Quick Facts About SCD and SCT

  • SCD is a blood disorder that causes sickling of the red blood cells.
  • Sickle-shaped red blood cells become stuck in blood vessels and cause disruption of blood flow – this results in crises.
  • SCD affects 100,000 people in the United States.
  • SCD is an inherited blood disorder from the person’s parent, like any other genetic trait, such, as hair color and texture and eye color
  • SCT is where a person inherits one sickle cell gene and one normal gene.
  • SCT is not a disease, and the individual is generally asymptomatic.
  • SCT affects 1 million to 3 million Americans and 8 to 10 percent of African Americans.
  • Persons with SCT can pass the trait on to their children.

MinorityHealthSickleCell

SCD and COVID-19
Amid the COVID-19 pandemic, there is significant concern for individuals with underlying medical conditions. The CDC has indicated that persons with SCD and other blood disorders are among groups of individuals at an increased risk of severe illness from COVID-19.

Below are recommendations from the Sickle Cell Disease Association of America (SCDAA) for patients and families with SCD regarding COVID-19:

  • Discuss with your healthcare provider about converting all routine in-person appointments to virtual or telephonic.
  • Ask your healthcare provider for information about COVID-19 signs and symptoms and the importance of physical distancing to limit chances of exposure and infection. Discuss enhanced emotional connection through virtual or cellular-based modes.
  • Continue to seek medical help from your doctor, nurse, or hospital for fever and other signs of infection. Be sure to call first for advice on where to go safely for an evaluation.
  • Make certain you have an ample supply of all prescribed medications at home (including analgesics) to manage both acute and chronic pain.
  • Adhere closely to the correct use of your medications.

 DHEC’s Sickle Cell Program & Partnerships

DHEC is committed to educating the community and public about the availability of resources and services for individuals and families living with sickle cell disease.  DHEC’s Division of Children and Youth with Special Health Care Needs (CYSHCN), provides assistance to persons with sickle cell disease by covering services, such as: medical expenses, physician visits, durable medical equipment, medical supplies, and prescription drugs.  Assistance is offered to both children and adults who meet eligibility requirements. Additionally, CYSHCN partners with the Newborn Screening Follow-Up program to ensure infants who are newly diagnosed with sickle cell disease have a medical home to address treatment and care for their disease.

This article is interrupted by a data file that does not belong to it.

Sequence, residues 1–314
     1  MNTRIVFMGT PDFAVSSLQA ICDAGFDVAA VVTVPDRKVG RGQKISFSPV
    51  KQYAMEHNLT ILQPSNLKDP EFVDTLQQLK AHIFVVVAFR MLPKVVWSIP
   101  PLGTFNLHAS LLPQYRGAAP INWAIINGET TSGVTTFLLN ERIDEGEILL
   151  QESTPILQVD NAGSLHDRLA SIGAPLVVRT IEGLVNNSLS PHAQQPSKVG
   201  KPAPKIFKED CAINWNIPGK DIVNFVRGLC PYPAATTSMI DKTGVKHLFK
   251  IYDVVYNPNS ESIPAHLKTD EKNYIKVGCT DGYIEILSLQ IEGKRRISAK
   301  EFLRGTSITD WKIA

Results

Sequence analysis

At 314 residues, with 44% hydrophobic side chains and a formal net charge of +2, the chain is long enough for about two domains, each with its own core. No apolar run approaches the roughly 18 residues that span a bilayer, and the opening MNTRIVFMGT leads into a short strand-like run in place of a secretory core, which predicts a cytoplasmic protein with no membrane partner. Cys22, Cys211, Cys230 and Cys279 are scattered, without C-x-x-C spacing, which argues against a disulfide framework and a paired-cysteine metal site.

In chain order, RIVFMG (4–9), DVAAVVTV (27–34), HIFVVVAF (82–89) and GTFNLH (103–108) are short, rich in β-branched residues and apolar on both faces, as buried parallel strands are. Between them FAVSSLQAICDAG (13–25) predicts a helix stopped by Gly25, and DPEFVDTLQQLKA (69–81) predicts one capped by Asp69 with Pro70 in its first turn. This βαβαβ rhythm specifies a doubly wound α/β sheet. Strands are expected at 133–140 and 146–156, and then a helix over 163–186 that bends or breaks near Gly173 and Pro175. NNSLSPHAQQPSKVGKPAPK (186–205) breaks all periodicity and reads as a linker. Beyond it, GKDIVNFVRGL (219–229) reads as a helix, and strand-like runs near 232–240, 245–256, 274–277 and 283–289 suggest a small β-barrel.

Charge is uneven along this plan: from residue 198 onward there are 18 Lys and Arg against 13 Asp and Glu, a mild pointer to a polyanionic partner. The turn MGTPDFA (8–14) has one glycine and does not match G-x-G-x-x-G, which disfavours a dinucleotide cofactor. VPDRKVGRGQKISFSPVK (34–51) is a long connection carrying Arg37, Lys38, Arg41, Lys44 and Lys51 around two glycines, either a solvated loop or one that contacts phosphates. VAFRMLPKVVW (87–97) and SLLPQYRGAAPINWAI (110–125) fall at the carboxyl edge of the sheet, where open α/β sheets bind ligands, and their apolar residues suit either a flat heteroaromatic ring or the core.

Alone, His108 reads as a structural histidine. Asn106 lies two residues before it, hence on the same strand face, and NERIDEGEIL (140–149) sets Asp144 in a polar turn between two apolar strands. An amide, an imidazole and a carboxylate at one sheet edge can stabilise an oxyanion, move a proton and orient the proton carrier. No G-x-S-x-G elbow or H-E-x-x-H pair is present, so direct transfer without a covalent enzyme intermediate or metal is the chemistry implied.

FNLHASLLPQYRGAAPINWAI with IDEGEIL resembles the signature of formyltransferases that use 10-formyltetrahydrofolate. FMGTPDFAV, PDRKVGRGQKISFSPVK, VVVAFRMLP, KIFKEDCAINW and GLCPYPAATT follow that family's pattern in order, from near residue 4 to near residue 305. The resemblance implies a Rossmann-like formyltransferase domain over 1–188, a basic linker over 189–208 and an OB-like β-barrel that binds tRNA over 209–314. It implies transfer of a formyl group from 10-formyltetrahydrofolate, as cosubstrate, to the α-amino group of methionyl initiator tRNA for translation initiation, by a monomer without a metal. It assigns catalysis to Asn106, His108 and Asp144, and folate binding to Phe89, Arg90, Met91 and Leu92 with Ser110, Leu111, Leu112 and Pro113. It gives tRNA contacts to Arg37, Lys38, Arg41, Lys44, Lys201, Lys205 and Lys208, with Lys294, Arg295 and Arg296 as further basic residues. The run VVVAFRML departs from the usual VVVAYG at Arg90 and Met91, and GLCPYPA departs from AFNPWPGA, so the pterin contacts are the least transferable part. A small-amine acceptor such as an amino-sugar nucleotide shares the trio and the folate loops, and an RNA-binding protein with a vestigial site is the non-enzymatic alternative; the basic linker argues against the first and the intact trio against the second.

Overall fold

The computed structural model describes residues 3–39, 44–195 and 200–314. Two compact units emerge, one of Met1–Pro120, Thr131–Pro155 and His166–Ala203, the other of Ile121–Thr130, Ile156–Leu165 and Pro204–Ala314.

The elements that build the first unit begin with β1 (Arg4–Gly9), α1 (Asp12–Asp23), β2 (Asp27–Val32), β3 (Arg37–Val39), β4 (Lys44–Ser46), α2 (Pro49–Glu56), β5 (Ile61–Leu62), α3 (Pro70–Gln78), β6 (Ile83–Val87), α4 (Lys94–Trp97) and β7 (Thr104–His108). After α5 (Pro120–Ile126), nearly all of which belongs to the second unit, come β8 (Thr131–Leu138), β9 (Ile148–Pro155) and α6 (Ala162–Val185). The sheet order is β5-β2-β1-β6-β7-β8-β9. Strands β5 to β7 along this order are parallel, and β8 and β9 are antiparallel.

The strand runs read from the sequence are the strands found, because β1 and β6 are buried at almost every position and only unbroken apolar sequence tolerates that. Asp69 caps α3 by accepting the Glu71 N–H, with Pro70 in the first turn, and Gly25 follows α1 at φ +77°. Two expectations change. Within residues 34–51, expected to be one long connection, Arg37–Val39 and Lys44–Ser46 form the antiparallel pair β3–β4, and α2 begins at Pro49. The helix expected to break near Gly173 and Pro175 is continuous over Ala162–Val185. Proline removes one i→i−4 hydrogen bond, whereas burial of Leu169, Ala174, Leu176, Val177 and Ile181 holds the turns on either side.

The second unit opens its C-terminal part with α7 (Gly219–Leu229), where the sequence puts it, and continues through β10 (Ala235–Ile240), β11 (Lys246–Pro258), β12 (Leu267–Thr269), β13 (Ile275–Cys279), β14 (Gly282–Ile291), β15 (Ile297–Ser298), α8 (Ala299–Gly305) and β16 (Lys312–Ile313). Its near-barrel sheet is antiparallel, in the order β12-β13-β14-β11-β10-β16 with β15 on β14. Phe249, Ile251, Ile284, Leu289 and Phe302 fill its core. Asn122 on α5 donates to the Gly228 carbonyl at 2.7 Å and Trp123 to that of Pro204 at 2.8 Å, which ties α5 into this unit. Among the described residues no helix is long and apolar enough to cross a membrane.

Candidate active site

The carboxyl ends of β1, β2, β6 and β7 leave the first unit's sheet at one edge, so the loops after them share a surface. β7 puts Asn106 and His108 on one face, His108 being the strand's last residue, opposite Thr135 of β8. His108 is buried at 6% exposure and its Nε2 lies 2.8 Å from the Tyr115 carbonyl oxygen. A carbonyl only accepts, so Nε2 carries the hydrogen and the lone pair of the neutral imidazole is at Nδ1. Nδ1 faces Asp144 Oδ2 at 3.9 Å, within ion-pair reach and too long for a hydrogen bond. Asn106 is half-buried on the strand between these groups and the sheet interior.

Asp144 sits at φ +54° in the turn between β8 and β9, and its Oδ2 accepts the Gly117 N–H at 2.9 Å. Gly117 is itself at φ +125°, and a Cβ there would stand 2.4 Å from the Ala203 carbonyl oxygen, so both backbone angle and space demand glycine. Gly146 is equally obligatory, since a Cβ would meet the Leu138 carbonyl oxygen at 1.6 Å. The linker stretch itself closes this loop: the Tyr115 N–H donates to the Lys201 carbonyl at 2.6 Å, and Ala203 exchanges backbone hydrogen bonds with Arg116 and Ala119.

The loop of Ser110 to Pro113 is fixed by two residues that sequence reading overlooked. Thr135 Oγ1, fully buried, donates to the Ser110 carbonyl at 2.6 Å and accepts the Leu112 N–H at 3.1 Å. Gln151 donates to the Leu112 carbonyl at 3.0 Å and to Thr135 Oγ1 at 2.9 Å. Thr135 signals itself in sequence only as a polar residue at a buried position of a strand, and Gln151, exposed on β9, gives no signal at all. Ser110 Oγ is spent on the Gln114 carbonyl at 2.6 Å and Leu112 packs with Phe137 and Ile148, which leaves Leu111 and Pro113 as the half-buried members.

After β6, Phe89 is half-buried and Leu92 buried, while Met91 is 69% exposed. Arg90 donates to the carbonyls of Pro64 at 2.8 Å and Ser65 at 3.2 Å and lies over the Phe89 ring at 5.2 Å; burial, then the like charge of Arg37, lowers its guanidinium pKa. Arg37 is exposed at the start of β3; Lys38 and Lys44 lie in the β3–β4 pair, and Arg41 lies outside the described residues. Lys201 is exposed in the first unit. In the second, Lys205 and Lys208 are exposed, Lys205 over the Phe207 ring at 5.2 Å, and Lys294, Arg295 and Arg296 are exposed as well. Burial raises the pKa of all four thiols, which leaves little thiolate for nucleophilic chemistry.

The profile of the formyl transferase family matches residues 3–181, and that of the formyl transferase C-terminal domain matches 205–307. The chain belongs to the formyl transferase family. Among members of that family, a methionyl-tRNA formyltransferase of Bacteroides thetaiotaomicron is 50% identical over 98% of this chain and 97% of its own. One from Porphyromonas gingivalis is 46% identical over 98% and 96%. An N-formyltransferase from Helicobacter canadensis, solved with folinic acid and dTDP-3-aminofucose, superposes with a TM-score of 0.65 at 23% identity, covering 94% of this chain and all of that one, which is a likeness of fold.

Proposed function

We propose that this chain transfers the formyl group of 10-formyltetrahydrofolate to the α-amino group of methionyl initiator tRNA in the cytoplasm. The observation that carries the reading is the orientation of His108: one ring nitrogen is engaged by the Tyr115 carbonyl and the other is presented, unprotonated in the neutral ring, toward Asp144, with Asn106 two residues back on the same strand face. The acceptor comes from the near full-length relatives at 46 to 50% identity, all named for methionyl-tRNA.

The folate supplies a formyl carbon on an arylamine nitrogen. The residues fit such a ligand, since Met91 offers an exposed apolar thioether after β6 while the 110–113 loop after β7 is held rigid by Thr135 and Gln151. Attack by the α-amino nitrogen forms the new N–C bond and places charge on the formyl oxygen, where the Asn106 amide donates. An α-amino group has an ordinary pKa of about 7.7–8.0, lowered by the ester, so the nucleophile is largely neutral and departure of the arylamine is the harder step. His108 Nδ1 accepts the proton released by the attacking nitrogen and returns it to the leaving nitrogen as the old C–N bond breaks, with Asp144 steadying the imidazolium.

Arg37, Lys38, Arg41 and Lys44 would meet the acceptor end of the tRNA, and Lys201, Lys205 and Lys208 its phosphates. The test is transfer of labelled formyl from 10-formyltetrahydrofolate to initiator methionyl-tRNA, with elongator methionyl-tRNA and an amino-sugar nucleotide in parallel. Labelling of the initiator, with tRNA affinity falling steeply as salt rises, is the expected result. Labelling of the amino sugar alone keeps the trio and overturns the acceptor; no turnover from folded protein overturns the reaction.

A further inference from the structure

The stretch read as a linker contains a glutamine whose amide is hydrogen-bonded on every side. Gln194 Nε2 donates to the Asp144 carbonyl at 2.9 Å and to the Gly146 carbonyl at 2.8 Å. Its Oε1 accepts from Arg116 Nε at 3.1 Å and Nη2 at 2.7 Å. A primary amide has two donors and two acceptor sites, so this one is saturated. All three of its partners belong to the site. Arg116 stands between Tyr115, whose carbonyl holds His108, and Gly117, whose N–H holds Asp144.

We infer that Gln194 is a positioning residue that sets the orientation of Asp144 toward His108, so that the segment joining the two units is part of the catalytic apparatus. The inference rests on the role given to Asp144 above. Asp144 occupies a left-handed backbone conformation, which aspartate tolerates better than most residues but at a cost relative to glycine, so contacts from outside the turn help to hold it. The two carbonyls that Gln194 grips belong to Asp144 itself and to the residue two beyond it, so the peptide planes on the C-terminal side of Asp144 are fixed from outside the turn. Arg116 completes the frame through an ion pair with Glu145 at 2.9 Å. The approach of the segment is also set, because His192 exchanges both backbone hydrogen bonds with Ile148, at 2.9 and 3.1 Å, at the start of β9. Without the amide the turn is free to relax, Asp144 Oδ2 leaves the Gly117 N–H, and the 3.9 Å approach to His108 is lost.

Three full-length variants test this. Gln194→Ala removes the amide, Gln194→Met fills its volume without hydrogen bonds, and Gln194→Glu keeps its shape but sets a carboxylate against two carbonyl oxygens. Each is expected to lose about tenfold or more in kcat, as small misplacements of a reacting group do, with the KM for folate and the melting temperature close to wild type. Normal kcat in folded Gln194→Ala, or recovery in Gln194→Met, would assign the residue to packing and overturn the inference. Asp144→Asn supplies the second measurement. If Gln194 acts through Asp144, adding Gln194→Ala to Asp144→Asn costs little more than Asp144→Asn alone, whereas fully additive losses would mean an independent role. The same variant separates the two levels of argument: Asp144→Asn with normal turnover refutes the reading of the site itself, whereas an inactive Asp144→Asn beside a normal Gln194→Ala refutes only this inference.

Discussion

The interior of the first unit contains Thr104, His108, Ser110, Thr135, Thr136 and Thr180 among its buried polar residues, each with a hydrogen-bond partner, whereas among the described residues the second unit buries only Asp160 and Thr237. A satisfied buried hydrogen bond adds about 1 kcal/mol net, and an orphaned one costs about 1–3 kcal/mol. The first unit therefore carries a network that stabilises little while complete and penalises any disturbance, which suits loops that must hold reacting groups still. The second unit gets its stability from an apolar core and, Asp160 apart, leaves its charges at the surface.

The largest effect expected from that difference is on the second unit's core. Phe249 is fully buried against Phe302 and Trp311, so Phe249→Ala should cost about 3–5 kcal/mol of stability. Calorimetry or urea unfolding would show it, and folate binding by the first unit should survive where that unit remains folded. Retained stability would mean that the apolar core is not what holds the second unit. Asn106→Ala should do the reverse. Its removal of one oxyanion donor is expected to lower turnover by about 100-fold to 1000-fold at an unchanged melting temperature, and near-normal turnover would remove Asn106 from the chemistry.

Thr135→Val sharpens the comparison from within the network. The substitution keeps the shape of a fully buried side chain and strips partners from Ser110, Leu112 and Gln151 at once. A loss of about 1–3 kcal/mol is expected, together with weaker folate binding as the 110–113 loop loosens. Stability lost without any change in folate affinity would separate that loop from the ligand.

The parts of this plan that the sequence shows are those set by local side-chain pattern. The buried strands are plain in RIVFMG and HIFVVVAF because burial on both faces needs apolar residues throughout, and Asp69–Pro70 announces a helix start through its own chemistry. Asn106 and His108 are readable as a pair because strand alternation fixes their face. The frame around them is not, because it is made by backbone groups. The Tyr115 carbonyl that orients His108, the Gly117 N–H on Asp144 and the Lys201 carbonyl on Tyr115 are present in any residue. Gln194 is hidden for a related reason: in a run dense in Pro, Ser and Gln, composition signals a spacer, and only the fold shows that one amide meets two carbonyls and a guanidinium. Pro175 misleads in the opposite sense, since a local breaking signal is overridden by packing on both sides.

In addition to financial assistance and care coordination services, CYSHCN engages with the four Sickle Community Based Organizations in the state — the James R. Clark Memorial Sickle Cell Foundation, – Louvenia D. Barksdale Sickle Cell Anemia Foundation, – Orangeburg Area Sickle Cell Foundation and – COBRA Human Services Agency Sickle Cell Program – to ensure persons living with SCD have access to community resources and support services. Each of these organizations provide genetic screening, counseling, education, case management, and support groups to address the needs of families and individuals living with SCD. If you have questions about testing for you or your family, you can visit one of the four sickle cell community-based organizations.

Sickle Cell Has Many Faces

Sickle Cell Has Many Faces as illustrated through this video by the Center for Disease and Prevention Control. This video highlights how people of different races and ancestry could have SCD.

If you have questions about the DHEC sickle cell program, contact the CYSHCN office at 803-898-0784. For general information about sickle cell disease, visit cdc.gov/sicklecell or https://www.sicklecelldisease.org/.